Their version of Christianity is not the message of Jesus.

I can’t make it any more plain.

They are not following Jesus.

This is not of God.

They might be good people. I don’t know. But they are misleading good people.

The president they embrace and the policies they support are anti-Christian and not the teachings of Jesus. They have embraced evil and called it good.

“Woe to those who call evil good
    and good evil,
who put darkness for light
    and light for darkness,
who put bitter for sweet
    and sweet for bitter.

Woe to those who are wise in their own eyes
    and clever in their own sight.” ~ Isaiah 5 : 20-21

 Woe to those who call evil good and good evil,

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Where is decency?

How long would you permit someone to abuse another, before you step up?

How long would you stay around someone telling racist jokes, before you walk away?

How long do you let a man make derogatory and sexist comments about women, before you say something?

How long would you watch a bully harass and abuse others, before you intercede?

How long do you remain silent when the weak and powerless are attacked and victimized by the powerful?

Why would you associate with racist, sexist, bigoted people?

I’m not talking about politics. I’m asking about common decency.

Where is your decency?

Decent people don’t remain  silent when others lose their rights, their health insurance or their dignity.

Decent Christians don’t choose politics over people.

Decent Christians don’t support politicians who systematically promote policies that hurt the poor or dismantle programs that help the less fortunate.

When did partisan politics replace our decency?

Some want government to reflect a morality of violence, aggression, scarcity, and oppression.

Others want government to reflect a morality that embraces diversity, inclusion, abundance,  justice, and charity for all.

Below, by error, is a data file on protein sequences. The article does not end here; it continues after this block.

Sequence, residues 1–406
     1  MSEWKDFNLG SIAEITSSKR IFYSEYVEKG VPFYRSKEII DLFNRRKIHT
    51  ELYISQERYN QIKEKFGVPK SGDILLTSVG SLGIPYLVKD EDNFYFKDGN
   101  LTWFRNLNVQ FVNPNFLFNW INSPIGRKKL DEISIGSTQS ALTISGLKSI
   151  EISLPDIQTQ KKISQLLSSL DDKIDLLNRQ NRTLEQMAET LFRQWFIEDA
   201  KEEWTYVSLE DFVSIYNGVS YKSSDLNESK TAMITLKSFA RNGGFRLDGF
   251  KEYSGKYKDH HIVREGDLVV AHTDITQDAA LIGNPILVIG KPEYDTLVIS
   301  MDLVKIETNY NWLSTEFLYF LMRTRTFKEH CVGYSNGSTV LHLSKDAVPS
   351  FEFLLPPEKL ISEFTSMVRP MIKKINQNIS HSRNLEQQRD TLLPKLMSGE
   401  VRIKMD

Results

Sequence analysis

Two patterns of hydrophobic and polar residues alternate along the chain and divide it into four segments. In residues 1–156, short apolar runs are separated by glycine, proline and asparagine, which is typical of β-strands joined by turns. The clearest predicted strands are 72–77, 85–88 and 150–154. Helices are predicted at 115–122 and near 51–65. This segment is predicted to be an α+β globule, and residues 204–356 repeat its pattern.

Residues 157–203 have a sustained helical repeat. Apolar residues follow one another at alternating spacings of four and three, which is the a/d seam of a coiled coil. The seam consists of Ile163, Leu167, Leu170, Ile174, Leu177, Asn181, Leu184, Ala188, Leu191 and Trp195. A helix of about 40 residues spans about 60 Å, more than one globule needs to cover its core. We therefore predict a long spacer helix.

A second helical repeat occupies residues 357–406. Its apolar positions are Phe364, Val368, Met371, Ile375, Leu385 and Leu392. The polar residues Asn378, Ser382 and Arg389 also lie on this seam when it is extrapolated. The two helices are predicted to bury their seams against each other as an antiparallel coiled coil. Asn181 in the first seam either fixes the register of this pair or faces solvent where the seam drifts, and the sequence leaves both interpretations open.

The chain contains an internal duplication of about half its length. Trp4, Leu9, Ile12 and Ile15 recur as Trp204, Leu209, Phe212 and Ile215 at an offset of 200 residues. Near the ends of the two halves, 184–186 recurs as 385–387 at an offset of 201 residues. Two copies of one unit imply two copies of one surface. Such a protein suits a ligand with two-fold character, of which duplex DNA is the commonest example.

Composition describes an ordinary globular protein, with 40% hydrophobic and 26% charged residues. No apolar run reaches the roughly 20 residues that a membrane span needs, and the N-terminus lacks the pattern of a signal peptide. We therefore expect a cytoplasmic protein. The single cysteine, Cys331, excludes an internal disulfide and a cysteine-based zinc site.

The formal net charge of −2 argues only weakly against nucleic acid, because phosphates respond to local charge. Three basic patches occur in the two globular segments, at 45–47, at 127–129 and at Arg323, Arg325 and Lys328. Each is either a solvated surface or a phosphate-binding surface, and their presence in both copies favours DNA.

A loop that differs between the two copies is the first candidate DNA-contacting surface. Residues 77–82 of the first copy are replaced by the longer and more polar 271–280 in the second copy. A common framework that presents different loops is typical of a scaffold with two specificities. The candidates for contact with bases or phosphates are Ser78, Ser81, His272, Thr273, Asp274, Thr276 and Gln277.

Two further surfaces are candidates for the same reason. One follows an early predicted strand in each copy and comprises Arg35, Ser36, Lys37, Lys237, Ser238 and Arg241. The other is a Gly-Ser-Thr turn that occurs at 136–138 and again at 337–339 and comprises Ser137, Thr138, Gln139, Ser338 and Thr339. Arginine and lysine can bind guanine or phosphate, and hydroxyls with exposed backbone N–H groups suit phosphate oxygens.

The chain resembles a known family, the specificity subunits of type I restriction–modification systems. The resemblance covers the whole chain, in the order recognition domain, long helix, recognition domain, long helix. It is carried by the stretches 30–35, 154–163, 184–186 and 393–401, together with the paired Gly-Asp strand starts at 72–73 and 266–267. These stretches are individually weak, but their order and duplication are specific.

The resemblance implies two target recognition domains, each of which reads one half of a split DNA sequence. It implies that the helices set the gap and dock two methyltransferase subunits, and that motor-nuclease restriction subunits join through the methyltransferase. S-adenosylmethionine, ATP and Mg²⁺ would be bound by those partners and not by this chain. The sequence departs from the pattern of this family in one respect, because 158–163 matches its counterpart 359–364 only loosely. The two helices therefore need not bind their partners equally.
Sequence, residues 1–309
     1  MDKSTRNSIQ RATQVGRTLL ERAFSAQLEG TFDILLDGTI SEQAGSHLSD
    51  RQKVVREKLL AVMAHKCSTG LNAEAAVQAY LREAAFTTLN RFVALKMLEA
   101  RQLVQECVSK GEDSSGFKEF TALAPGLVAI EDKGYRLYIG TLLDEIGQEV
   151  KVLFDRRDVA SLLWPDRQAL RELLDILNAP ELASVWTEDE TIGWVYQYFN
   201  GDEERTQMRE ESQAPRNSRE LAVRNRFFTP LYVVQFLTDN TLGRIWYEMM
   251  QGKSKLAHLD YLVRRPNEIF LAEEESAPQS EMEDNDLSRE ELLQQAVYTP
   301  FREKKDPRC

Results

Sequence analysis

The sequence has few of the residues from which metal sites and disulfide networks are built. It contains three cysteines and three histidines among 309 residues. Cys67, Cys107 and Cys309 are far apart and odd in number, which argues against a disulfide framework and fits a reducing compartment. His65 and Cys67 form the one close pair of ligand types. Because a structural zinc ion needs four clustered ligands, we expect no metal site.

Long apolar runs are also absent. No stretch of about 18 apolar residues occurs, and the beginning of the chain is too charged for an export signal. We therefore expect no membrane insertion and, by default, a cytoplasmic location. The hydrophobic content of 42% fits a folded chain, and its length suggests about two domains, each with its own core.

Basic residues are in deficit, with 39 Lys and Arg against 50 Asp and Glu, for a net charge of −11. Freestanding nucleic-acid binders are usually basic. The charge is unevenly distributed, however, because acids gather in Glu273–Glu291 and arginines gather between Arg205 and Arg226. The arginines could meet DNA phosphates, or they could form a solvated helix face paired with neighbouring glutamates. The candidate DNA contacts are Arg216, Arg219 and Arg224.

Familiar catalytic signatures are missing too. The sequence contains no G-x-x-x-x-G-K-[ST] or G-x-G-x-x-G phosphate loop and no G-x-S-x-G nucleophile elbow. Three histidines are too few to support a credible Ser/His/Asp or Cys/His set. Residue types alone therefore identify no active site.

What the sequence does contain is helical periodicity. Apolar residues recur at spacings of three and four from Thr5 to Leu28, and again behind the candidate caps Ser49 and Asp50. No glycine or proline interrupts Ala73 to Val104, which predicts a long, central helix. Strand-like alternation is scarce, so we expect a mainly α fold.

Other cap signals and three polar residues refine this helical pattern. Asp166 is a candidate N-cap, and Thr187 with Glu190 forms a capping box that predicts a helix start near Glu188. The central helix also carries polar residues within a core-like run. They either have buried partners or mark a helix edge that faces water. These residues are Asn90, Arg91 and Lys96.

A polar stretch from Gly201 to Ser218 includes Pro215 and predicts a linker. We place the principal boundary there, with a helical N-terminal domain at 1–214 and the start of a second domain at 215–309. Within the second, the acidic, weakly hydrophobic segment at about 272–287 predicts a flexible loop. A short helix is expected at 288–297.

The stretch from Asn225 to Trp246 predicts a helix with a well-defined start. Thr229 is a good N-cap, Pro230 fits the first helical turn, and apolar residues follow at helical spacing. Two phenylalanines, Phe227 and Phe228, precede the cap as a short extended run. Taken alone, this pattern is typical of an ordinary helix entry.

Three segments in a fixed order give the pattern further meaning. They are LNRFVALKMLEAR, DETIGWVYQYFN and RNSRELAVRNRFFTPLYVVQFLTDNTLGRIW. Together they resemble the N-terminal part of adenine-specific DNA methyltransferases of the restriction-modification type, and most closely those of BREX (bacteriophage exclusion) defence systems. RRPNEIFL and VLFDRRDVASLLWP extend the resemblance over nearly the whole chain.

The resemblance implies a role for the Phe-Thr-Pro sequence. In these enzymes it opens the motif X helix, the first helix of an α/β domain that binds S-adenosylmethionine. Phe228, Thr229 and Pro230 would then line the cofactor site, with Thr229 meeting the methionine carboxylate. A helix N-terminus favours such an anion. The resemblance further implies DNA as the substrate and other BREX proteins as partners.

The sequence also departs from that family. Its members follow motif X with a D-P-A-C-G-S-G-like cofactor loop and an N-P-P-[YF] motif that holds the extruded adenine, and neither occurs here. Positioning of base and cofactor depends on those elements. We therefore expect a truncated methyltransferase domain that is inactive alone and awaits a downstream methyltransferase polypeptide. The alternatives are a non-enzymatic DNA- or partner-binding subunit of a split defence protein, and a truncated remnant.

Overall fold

Only one view represents a Biblical, Christian worldview.

When you approve of racism, sexism, bigotry and bullying; if you accept the government limiting the rights of others; if you think taxes should be spent on tools of war and not health care, education, libraries, roads and bridges; then the message of Christ is so foreign that it’s meaningless.

When you approve of racism, sexism, bigotry and bullying; if you accept the government limiting the rights of others; if you think taxes should be spent on tools of war and not health care, education, libraries, roads and bridges; then the message of Christ is so foreign that it's meaningless.

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“President Carter, am I a Christian?”

I love President Carter.

I’ve written about him here:

President Carter


and here:

The desire to find peace on Memorial Day


and here:

You met a president


New York Times reporter Nicolas Kristof had a great e-mail interview with him, concerning Carter’s faith.

Here’s a great highlight, with which I agree.

“I look on the contradictions among the Gospel writers as a sign of authenticity, based on their different life experiences, contacts with Jesus and each other. If the earlier authors of the Bible had been creating an artificial document, they would have eliminated disparities. I try to absorb the essence and meaning of the teachings of Jesus Christ, primarily as explained in the letters written by Paul to the early churches. When there are apparent discrepancies, I make a decision on what to believe, respecting the equal status and rights of all people.”

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In a world of stone

In a world of stone, be a flower.